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South China Sea: Going to Get Worse Before It (Might) Gets Better

by Joshua Kurlantzick
December 6, 2012

A Chinese national flag is seen on a boat at a fishing village in Tanmen town, Hainan province, next to the South China Sea. A Chinese national flag is seen on a boat at a fishing village in Tanmen town, Hainan province, next to the South China Sea (Aly Song/Courtesy Reuters).

This week’s latest South China Sea incident, in which a Chinese fishing boat cut a Vietnamese seismic cable —at least according to Hanoi— is a reminder that, despite the South China Sea dominating nearly every meeting in Southeast Asia this year, the situation in the Sea appears to be getting worse. This is in contrast to flare-ups in the past, when after a period of tension, as in the mid-1990s, there was usually a cooling-off period. Although there have been several brief cooling-off periods in the past two years, including some initiated by senior Chinese leaders traveling to Southeast Asia, they have not stuck, and the situation continues to deteriorate and get more dangerous.

In the new year, it will likely get even worse. Here’s why:

  • The new Association of Southeast Asian Nations (ASEAN) secretary-general comes from Vietnam. Over the past three years, a more openly forceful China has found it difficult to deal with ASEAN leaders who even voice ASEAN concerns. But these leaders, like former Thai foreign minister and ASEAN Secretary-General Surin Pitsuwan, were nothing compared to the new ASEAN secretary-general, Vietnamese Deputy Foreign Minister Le Luong Minh. Although he is a career diplomat and certainly can be suave and attentive, he is still a former Vietnamese official, and undoubtedly will bring with him some of the Vietnamese perspective toward China, which is quickly turning more acrid.
  • This year’s ASEAN chair is Brunei. Keeping to its tradition of rotating the chair every year, in 2013 ASEAN will be headed by Brunei. Although some might think Brunei’s leadership will be better for stability than the 2012 ASEAN leadership of Cambodia, perceived by many other ASEAN members as carrying China’s water, the fact that Brunei is just as much of a diplomatic minnow as Cambodia will mean there is no powerful wrangler in the chair’s seat to hammer out a common ASEAN perspective. Were Indonesia or Singapore the chair, the situation might be different.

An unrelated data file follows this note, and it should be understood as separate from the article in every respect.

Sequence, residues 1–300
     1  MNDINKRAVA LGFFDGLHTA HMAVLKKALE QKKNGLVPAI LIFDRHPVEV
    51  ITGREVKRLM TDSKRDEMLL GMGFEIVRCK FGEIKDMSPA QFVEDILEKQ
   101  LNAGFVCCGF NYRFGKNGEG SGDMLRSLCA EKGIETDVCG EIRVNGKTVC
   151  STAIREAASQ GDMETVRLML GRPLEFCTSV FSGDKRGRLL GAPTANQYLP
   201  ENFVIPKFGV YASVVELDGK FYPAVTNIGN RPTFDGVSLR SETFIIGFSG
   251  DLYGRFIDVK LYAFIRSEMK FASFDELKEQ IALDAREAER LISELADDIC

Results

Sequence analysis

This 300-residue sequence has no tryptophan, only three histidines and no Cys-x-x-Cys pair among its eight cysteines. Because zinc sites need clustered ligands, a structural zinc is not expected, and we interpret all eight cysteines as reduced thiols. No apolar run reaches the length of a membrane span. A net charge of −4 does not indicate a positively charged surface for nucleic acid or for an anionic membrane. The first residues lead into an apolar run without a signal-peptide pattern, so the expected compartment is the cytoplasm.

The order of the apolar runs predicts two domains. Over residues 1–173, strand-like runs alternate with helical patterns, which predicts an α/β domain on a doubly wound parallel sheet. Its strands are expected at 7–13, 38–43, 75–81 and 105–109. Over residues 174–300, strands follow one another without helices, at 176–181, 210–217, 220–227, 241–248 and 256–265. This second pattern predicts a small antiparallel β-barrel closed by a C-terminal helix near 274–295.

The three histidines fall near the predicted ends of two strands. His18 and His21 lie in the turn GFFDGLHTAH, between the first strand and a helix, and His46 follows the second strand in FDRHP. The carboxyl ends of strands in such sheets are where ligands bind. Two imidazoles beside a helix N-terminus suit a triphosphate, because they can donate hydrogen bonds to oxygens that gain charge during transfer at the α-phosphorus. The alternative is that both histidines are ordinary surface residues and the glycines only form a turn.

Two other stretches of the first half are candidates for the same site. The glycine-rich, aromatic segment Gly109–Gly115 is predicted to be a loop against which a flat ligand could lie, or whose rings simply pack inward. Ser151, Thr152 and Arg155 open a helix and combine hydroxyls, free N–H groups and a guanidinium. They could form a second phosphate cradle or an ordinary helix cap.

• India is playing a larger and larger role in the South China Sea, adding even more potential players to the mix, and more powerful navies. The recent warning by Beijing that India and Vietnam should not engage in joint exploration is only going to lead to a harsher Indian response, since Indian elites pay far more attention to —and are more easily aggrieved by— China than the reverse.
  • The more they look, the more likely they will find. As reported by the New York Times, “On Monday, China’s National Energy Administration named the South China Sea as the main offshore site for natural gas production. Within two years, China aims to produce 150 billion cubic meters of natural gas from fields in the sea, a significant increase from the 20 billion cubic meters produced so far, the agency said.” Although I do not think that the oil and gas potential in the Sea is the biggest driver of conflict, compared to its strategic value, the more China (and anyone else) explores for energy in the Sea, the more likely they will (eventually) come up with potential deposits that will only raise the stakes, if the forecasts of the Sea’s petroleum potential are to be believed.
  • A new Chinese leadership is unlikely to want to show any weakness. With the leadership of this generation even more split than in the past, following a contentious Party Congress, continued infighting among acolytes of the major Chinese leaders, and the Bo Xilai fiasco, the new leadership is in no position, with Party members and the general educated public, to give any room on a contentious issue like the South China Sea.
  • The Obama administration has passed its period of focusing on more effective dialogue and crisis mediation with China. Officials from the administration’s first term, who naturally had the highest hopes for better dialogue, are gone, with many of them leaving just as convinced as their Bush predecessors that real dialogue was difficult if not impossible. Don’t expect a second term to yield better results with such a dialogue.

Happy New Year, South China Sea.

 

Post a Comment 4 Comments

  • Posted by HN

    The Chinese’s ways “What’s yours is mine, and what’s mine is mine”
    Nothing yours.
    Chinese leaders are practicing now, also molding their citizens to
    do so.

  • Posted by joseph enry

    I would like to add a little more:
    1. Russia has a 30+ years of profitable oil and gas joint ventures with Vietnam. Recently, the relationship even went up a notch with signed strategic partnership agreement, deliveries of 6 Kilo subs starting with 1 this 12/2012, a Russian remodeled Cam Ranh Bay facility for naval maintenance and sub hub, a missile factory jointly built producing 1st batch in 2013 and a Putin’s criticism of Chinese policies as well as a veiled support of Vietnamese EEZ right.